Skip to comments.China's Inflation Problem Looms Large (Peter Schiff)
Posted on 01/21/2011 5:18:34 PM PST by sickoflibs
The global economy has become so unbalanced that even government ministers who would normally have trouble explaining supply or demand clearly recognize that something has to give. To a very large extent the distortions are caused by China's long-standing policy of pegging its currency, the yuan, to the U.S. dollar. But as China's economy gains strength, and the American economy weakens, the cost and difficulty of maintaining the peg become ever greater, and eventually outweigh the benefits that the policy supposedly delivers to China. In the first few weeks of 2011 fresh evidence has arisen that shows just how difficult it has become for Beijing.
Twenty years ago, China's leaders decided to ditch the disaster of economic communism in favor of privatized, export-focused, industry. The plan largely worked. Over that time, China has arguably moved more people out of poverty in the shortest amount of time in the history of the planet. But somewhere along the way, China's leaders became addicted to a game plan that outlived its usefulness.
In order to maintain the peg, China must continually buy dollars on the open market. But the weaker the dollar gets, the more dollars China must buy. And with the U.S. Federal Reserve pulling out all the stops to create inflation and push down the dollar, Beijing's task becomes nearly impossible. Last week, it was announced that China's foreign exchange reserves, the amount of foreign currency held at its central bank (mostly in U.S. dollars), increased by a record $199 billion in 4th quarter 2010, to reach $2.85 trillion. These reserves currently account for a staggering 49% of China's annual GDP (if the same proportional amount were held by the U.S., our measly $46 billion in reserves would have to increase 163 times to $7.5 trillion).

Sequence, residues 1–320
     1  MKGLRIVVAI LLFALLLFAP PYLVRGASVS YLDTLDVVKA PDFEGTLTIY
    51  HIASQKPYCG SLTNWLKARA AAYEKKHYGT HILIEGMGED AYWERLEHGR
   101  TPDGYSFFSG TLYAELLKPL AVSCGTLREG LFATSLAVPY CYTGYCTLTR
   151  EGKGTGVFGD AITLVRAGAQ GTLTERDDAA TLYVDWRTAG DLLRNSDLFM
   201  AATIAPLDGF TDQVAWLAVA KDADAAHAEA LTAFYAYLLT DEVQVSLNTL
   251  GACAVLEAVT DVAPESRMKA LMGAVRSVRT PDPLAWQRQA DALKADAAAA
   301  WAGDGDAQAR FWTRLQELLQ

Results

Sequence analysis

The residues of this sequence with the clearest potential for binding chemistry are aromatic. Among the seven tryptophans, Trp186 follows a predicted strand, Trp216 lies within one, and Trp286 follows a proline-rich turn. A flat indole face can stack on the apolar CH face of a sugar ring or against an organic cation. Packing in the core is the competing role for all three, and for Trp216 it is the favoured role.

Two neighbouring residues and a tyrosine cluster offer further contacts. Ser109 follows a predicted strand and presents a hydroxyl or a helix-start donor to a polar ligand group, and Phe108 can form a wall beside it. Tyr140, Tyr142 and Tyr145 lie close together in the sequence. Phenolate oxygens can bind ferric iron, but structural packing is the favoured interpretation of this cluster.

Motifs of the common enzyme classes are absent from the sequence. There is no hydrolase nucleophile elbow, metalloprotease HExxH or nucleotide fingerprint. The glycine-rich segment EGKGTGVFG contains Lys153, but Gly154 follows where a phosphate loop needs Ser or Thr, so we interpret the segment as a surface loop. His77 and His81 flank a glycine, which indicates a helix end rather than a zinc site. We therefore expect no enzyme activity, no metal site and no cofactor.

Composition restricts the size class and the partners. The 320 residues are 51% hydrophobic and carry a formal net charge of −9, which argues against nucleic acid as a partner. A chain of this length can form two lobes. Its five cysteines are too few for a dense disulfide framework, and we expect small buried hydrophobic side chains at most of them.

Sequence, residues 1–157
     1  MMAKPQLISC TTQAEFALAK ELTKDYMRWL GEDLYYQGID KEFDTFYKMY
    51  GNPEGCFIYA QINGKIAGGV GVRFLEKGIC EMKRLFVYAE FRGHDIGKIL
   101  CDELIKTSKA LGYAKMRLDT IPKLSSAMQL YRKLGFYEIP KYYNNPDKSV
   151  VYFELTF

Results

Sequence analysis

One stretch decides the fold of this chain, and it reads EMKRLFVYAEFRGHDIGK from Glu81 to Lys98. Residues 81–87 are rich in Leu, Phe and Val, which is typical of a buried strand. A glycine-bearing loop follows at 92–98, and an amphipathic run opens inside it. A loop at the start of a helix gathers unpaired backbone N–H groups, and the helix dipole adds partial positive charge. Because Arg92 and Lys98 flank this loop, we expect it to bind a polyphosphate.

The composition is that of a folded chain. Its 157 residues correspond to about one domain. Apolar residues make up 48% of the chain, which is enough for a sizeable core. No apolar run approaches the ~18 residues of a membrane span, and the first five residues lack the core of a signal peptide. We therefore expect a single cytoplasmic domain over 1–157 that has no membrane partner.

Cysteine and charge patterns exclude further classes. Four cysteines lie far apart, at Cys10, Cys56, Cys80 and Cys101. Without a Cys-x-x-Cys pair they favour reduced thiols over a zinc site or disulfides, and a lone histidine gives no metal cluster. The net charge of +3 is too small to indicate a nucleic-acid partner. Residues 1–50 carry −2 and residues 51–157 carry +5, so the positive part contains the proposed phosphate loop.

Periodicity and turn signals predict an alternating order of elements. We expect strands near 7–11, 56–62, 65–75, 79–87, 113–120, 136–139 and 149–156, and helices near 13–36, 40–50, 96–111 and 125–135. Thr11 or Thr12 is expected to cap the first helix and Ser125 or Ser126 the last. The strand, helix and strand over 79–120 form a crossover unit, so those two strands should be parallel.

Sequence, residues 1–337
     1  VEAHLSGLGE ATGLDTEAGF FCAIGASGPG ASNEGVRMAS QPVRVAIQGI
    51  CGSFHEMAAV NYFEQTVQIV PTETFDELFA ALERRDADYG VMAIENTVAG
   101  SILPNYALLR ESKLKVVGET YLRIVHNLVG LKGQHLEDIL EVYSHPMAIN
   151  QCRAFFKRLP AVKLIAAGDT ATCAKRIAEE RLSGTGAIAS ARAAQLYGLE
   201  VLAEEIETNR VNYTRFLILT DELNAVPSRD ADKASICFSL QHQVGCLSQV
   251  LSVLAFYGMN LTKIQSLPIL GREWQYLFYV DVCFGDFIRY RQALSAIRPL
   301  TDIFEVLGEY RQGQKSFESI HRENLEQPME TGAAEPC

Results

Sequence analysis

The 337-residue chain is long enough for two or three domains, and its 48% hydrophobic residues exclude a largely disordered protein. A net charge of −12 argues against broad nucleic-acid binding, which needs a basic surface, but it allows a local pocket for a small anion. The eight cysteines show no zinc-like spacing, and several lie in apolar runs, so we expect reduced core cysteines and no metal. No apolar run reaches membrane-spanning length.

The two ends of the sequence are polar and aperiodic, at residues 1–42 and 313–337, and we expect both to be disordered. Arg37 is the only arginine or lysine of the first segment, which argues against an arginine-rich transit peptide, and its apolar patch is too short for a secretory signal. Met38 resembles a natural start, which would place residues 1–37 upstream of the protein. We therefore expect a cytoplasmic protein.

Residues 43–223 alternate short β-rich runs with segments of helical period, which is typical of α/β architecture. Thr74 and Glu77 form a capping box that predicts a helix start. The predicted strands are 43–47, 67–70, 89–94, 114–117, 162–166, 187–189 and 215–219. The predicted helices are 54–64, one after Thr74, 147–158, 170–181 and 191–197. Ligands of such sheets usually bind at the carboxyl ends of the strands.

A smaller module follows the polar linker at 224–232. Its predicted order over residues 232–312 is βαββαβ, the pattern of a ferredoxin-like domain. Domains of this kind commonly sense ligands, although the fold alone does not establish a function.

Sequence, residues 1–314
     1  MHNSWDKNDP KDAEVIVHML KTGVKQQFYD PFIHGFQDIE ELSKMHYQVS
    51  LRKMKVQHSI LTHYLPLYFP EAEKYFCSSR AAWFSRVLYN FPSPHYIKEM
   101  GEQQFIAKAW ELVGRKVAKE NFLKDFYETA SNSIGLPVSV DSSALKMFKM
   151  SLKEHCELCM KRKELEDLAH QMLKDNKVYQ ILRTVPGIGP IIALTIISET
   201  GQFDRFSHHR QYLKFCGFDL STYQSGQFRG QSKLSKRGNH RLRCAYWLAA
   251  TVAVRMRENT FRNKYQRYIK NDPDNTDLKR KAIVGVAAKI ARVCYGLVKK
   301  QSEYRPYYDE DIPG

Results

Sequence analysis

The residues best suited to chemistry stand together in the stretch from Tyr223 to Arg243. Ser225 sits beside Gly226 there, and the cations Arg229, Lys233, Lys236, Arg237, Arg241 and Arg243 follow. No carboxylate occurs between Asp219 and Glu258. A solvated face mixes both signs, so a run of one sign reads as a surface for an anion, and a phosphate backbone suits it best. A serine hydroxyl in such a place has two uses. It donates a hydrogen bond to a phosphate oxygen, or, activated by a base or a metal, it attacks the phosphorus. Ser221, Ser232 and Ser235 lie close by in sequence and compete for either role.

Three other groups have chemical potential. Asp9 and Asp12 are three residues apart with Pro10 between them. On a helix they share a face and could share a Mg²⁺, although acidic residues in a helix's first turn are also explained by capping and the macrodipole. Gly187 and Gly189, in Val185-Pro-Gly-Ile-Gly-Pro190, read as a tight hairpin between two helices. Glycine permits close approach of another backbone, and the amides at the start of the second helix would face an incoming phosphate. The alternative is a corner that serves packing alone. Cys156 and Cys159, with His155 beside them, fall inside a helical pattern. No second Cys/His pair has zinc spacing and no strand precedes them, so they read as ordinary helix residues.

In order to buy these dollars, the Chinese central bank must print its own currency. In essence, China is adopting the Fed's expansionary monetary policy. In the U.S. the inflationary impact of such a strategy is mitigated by our ability to export paper dollars in exchange for inexpensive Chinese imports. Although prices are rising here, they are not rising nearly as much as they would if we had to spend all this newly printed money on domestically produced goods. The big problem for China is that, unlike the U.S., the newly printed yuan are not exported, but remain in China bidding up consumer prices. As a result, inflation is becoming China's dominant political issue.
It was recently announced that in November China's consumer price index rose 5.1% from the same time a year earlier, with food prices rising more than 10%. As unrest builds, the Chinese government has unleashed a series of policies to address the symptoms of the disease while ignoring its root cause.
If you realize both parties in Washington think that our money is theirs and you trust them to do the wrong thing, this list is for you.
If you think there is a Santa Claus who is going to get elected in Washington and cut your taxes, spend a few trillion and that will jump-start the economy, this list is not for you.
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The Austrian Schools Commandments plus :From : link
1) You cannot spend your way out of a recession
2) You cannot regulate the economy into oblivion and expect it to function
3) You cannot tax people and businesses to the point of near slavery and expect them to keep producing
4) You cannot create an abundance of money out of thin air without making all that paper worthless
5) The government cannot make up for rising unemployment by just hiring all the out of work people to be bureaucrats or send them unemployment checks forever